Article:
It is for the reasons stated in this article that we have the issues with gluten/wheat intolerance that we do, in my opinion. The wheat we eat nowadays in no way resembles the wheat our ancestors used to make their bread.
It is no secret that the number of people with either gluten sensitivity or gluten intolerance, the latter of which is often diagnosed as Celiac disease, is on the rise all across the world. But what is commonly misunderstood about the difficulty or inability to digest wheat-containing foods is that “wheat gluten” literally represents a conglomerate of tens of thousands of potentially deadly proteins that are all capable of wreaking havoc on the body.
Sayer Ji, nutrition educator and Founder of GreenMedInfo.com, explains in a recent writeup how modern wheat is basically a byproduct of three different ancestral wheat varieties combined into one. The flour used in most processed foods and breads on the market today, in other words, comes from a hybridized form of wheat that seems to be responsible for causing an increasing number of people to experience serious health problems, including things like irritable bowel syndrome (IBS), brain “fog,” and hyperactivity disorders.
The culprit is commonly referred to as “gluten,” an all-encompassing, ubiquitous term that suggests there is just one component of wheat that is harmful to health. But a 2005 study published in the journal Plant Physiology reveals that modern wheat is capable of producing at least 23,788 different protein varieties, all of which are capable of mixing and matching to form an endless string of immune-triggering poisons within the body.
“Gluten is the Latin name for ‘glue,’ and signifies the doughy complex of proteins within the wheat plant, further classified as either gliadins (alcohol soluble), glutelins (dilute acid or alkalis soluble), or other,” writes Ji, referencing that these proteins come in tens of thousands of varieties.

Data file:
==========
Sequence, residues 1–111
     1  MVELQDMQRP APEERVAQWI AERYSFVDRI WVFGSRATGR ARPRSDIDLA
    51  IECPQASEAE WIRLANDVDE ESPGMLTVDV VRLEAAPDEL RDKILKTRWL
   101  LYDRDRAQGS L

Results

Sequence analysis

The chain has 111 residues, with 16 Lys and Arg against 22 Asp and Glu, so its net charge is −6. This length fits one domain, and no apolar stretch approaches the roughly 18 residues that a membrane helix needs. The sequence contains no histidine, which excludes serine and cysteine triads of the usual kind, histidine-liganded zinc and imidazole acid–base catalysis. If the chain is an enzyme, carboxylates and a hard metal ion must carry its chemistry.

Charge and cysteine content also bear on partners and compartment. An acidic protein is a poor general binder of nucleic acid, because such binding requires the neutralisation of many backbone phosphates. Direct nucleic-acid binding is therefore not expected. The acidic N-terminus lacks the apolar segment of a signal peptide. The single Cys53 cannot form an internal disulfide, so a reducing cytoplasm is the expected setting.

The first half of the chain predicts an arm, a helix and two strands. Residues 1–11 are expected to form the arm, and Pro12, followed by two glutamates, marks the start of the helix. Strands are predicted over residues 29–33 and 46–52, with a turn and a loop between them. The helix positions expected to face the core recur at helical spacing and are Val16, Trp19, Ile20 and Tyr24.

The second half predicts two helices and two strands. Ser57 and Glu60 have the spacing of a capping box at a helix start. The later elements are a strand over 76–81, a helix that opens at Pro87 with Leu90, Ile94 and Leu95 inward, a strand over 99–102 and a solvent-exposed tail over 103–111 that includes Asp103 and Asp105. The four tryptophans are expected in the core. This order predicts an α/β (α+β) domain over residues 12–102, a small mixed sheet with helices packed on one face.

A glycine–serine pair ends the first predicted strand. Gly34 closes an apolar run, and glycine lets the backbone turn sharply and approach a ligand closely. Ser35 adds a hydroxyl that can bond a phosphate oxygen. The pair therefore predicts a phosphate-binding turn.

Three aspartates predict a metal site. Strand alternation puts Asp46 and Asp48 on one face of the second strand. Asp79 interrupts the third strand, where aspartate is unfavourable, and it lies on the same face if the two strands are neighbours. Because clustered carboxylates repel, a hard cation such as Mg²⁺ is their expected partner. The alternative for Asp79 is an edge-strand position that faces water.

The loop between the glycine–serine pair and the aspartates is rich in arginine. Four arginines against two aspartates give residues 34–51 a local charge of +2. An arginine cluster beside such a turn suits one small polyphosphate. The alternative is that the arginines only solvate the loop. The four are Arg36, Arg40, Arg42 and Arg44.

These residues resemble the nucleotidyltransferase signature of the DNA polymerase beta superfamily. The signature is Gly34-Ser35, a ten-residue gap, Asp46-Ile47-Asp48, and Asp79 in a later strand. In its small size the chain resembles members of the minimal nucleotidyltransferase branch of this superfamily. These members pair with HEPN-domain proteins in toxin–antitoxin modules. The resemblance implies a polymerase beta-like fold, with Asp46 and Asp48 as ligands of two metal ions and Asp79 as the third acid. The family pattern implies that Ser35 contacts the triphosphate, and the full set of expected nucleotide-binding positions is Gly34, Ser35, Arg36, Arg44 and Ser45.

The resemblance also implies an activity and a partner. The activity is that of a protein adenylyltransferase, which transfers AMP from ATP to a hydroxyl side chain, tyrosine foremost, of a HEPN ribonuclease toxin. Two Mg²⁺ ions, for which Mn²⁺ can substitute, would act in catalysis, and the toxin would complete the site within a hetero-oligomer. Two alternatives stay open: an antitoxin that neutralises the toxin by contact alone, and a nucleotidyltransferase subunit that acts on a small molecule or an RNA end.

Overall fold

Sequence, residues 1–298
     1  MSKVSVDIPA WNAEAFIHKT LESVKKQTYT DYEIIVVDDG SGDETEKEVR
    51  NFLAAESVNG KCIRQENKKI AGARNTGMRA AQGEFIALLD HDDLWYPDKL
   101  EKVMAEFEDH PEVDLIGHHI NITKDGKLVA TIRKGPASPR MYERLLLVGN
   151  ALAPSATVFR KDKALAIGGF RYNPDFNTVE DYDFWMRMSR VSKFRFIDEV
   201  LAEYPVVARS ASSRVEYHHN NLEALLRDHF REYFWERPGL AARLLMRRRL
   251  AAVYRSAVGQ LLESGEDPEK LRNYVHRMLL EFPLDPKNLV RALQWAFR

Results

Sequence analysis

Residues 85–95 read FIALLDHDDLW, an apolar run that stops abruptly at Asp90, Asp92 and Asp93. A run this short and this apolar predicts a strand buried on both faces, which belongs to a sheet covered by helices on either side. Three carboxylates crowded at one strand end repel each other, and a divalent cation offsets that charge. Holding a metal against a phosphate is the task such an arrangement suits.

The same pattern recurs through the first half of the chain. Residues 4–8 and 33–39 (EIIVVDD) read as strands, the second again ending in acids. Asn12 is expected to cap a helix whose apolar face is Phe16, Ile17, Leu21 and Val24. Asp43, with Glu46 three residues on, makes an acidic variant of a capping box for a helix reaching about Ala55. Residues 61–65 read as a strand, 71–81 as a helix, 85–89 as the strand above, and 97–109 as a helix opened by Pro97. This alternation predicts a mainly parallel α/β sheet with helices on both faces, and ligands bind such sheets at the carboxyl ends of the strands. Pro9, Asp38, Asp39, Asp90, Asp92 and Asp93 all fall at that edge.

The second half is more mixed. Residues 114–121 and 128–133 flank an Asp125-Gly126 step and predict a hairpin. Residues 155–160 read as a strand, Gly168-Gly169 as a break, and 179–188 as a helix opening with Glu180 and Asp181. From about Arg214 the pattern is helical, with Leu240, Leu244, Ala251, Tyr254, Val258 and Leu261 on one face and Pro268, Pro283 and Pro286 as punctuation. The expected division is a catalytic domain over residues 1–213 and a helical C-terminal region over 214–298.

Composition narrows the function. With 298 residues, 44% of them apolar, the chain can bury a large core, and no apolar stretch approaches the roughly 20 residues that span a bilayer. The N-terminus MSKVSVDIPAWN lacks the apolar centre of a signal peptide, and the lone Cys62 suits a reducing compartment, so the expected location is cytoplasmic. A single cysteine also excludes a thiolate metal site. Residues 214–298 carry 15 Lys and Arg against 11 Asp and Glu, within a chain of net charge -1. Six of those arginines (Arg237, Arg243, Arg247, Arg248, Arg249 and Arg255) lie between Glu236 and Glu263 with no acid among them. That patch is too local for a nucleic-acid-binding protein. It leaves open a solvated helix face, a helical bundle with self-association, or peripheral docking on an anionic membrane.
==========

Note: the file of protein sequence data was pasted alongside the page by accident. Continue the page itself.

“[A]ny one of these proteins could elicit what is known as an antigenic response, i.e. the immune system identifies a wheat protein as other, launches either an innate or adaptive immune response, and attacks self-structures accidentally as a result … [a]nd given the recombinatorial possibilities inherent in such a large number of distinct, different proteins, some of them have emerged — by sheer accident — as nearly identical (homologous) in structure and configuration to both narcotic drugs and virulent components of immune-system activating microbes.”
You can read Ji’s full article here: http://www.greenmedinfo.com
Some modern wheat protein structures mimic pharmaceutical drugs, deadly bacteria
The gist of what is being explained here surmises that modern wheat’s many diverse proteins all have the potential to compromise immunity, upset the digestive tract, and ultimately poison the blood, vital organs, and brain. Wheat consumption for most people, in fact, likely triggers autoimmune responses that vary in how they manifest — for some, health changes will be virtually unnoticeable in the short term, while others will develop autism, schizophrenia, or other forms of brain damage from eating wheat.
Depending on how glutinous proteins form, bond, and ultimately digest, they also vary in the way they affect the body. For instance, the 33-mer amino acid produced by the digestion of gliadin, a wheat glycoprotein, tends to resemble the Bordetella pertussis bacteria, which is linked to causing whooping cough. Other amino acid chains produced by gliadin can mimic pharmaceutical drugs as well, with some actually activating opioid receptors in the brain upon digestion.
Since many of modern wheat’s thousands of proteins are basically indigestible, they all have the potential to cause varying problems in people that consume them. Traditional heritage wheat varieties, on the other hand, such as Kamut (khorasan), spelt (dinkel), and Einkorn, are said to be more tolerable among individuals with gluten sensitivity, as they contain fewer and different types of gluten. It is still important to practice caution, though, even when trying these ancient wheat varieties.